All eyes on Chile after the dramatic mine rescue and let’s not forget last year’s earthquake that devastated the region south of the capital, it’s an appropriate time to examine Santiago’s blossoming food scene. A new wave of talented chefs, from within Chile and from abroad, are rapidly changing the city’s culinary landscape. There is renewed in old markets and indigenous Mapuche ingredients, while wine bars and bistros are transforming once decrepit districts into cool new food hoods.
Sure Quito is home to 500-year-old church or two, though most don’t realize it’s also one of the centers of the world’s chocolate industry. Ecuador’s Arriba Nacional cacao bean is the most sought after the world over and Quito chocolate shops, cafes, and activities have become a point of reference for chocolate lovers:
Cartagena’s dining scene has improved drastically in the past year, rivaling Bogota and other much larger metro areas in South America, with several much-hyped openings outside of Daniel Castaño’s Vera. Write ups in the New York Times, Vogue, and elsewhere have proven that the city’s restaurants deserve the attention. In fact Cartagena has always bee great food destination, even before it became the darling of the jetset. It has long benefitted from Colombia’s distinct range of ingredients and the rather diverse population. It was my first ever stop in South America and it will forever remain in my culinary consciousness for that reason.
It took a trip to Fiesta Gourmet in Lima to realize I needed to spend more time exploring the food of Peru’s Northern Coast. It was the Arroz con Pato a la Chiclayana to be exact. It’s the restaurants most popular dish and quite possibly my favorite dish in Peru. What intrigued me was that it mentioned the town of Illimo, outside of Chiclayo, as the source of the cilantro, an ingredient equally as important in the dish as the duck or rice, though it lacks the headliner status.
Defining ‘Latin America’ can be a difficult process for those who don’t fully know what it consists of. Generally speaking, most of South America is included within Latin America (aside from Guyana and Suriname.) In addition to South America, most of Central America and the Caribbean are included as well as Mexico. What defines Latin America is that all of the countries speak a derivative of the Romance languages (Spanish, Italian and some French.)
The largest city in the world not connected by roads is a hotbed of interesting restaurants and markets. Peru’s Amazonian capital is a good place to sample the oddities and range of the region’s fruits, vegetables, meats, and traditional plates along with several rather bizarre takes on North American restaurants.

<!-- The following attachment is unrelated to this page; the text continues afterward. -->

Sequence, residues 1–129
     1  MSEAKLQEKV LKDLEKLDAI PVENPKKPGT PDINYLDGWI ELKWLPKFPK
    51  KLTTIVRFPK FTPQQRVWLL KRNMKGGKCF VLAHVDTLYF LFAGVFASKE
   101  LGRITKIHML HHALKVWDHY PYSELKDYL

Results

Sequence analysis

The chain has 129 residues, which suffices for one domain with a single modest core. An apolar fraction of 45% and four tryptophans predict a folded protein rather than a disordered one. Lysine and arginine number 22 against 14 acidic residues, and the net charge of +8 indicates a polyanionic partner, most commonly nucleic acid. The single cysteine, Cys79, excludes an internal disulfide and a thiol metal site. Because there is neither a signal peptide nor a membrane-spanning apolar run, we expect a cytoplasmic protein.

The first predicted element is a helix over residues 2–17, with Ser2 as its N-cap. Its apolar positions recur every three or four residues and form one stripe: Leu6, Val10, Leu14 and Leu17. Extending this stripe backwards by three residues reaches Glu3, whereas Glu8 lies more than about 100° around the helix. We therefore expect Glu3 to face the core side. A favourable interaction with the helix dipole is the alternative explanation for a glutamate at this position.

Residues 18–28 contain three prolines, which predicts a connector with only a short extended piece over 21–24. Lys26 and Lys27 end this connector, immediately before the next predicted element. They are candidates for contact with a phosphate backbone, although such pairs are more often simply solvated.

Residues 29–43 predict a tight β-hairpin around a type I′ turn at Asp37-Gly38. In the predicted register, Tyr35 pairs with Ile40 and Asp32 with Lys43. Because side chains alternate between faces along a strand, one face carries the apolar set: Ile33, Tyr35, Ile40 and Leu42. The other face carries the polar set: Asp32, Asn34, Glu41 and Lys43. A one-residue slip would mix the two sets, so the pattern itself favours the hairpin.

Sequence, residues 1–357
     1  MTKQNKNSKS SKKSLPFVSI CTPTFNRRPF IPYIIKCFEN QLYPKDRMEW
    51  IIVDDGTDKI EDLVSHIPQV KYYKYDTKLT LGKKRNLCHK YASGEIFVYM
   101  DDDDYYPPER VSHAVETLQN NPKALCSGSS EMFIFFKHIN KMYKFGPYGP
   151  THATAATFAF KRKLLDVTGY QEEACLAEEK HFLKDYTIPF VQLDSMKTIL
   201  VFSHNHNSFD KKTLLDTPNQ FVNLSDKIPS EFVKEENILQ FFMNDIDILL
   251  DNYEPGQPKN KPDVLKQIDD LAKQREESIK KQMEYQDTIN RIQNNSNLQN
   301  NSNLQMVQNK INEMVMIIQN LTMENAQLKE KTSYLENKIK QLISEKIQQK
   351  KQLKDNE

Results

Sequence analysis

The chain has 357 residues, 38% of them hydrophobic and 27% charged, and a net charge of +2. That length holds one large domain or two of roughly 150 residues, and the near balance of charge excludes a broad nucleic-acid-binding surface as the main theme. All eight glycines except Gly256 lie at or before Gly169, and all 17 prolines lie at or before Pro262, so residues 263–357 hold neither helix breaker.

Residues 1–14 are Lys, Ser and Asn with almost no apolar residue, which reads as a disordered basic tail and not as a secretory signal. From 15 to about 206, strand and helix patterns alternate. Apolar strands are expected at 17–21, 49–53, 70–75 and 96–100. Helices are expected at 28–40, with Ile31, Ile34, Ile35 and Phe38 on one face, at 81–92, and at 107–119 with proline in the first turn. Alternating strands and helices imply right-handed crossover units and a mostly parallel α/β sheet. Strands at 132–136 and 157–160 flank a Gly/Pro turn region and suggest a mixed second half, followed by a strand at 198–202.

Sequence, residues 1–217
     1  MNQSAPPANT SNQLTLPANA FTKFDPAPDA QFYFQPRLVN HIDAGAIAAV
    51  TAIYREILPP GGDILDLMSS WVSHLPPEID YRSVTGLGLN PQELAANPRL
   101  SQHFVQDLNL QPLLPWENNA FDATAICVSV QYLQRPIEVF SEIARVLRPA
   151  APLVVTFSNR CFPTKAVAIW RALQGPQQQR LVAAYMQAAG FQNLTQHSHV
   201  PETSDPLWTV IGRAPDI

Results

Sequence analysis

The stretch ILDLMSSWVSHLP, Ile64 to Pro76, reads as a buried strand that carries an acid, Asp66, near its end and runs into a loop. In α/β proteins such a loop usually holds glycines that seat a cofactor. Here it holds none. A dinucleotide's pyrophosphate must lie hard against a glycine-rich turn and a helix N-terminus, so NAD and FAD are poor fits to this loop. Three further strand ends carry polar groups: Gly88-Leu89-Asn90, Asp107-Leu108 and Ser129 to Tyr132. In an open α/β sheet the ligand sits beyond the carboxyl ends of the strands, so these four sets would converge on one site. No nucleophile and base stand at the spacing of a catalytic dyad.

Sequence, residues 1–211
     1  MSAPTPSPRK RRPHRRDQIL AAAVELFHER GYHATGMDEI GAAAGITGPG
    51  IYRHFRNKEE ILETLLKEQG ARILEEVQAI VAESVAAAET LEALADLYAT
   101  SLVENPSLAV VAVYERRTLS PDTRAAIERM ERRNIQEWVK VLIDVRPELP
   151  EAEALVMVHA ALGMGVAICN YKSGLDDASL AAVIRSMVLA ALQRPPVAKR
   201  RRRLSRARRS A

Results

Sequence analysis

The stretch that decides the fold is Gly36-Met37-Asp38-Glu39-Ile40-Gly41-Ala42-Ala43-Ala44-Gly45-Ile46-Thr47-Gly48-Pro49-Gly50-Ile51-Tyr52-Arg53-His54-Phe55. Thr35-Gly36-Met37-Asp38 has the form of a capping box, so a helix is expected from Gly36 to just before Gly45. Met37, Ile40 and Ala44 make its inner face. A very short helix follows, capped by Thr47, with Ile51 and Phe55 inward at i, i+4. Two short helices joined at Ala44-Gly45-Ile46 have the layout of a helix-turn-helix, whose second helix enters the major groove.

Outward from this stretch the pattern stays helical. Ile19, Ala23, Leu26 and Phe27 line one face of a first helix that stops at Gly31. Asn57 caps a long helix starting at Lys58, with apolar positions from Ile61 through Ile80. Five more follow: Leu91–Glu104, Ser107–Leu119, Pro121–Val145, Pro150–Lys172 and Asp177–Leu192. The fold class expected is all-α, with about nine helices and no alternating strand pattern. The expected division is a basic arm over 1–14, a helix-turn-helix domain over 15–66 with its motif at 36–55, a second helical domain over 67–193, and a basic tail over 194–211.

The Latino community in North Brooklyn – Greenpoint and Williamsburg – is mostly Puerto Rican, but in regards to restaurants the fare extends to all corners of Latin America.
The Riviera Maya on the Caribbean coast of Mexico’s Yucatan peninsula is more traditionally thought of as dead space for the adventurous foodie. Most assume that, like Cancun, it’s filled with American chain restaurants and overpriced resort food. To some extent that’s true, but there is also some excellent street food, regional restaurants not aimed at tourists, and a growing group of internationally trained chefs that are utilizing the products of the Yucatan.
The food scene in Quito, Ecuador isn’t as glamorous as Buenos Aires, not as trendy as Bogota, nor as original as Lima. It’s often overlooked by South American foodies, though Quito should be considered among the top food scenes on the continent. There are brilliant chefs here doing interesting things with the diverse little country’s many endemic ingredients (try Red Tuna in any form). Even the chain restaurants, backpacker dives, snack shops, street stalls, and markets are inimitable. Here’s a round up of Quito, Ecuador’s food scene:
Pucallpa, in the Peruvian Amazon, is where the highway ends. From here the roadless expanse of the Amazon begins, extending far into Brazil. Fruits and vegetables arrive to the city from the Rio Ucayali and its tributaries and, what is not consumed here directly, are then filtered by road into the rest of Peru. While Pucallpa does not have a massive tourist lure (though there are a few tourists that make it here, mostly Peruvians), there is a considerable amount of interesting things going in and around the city, especially for the adventurous Foodie.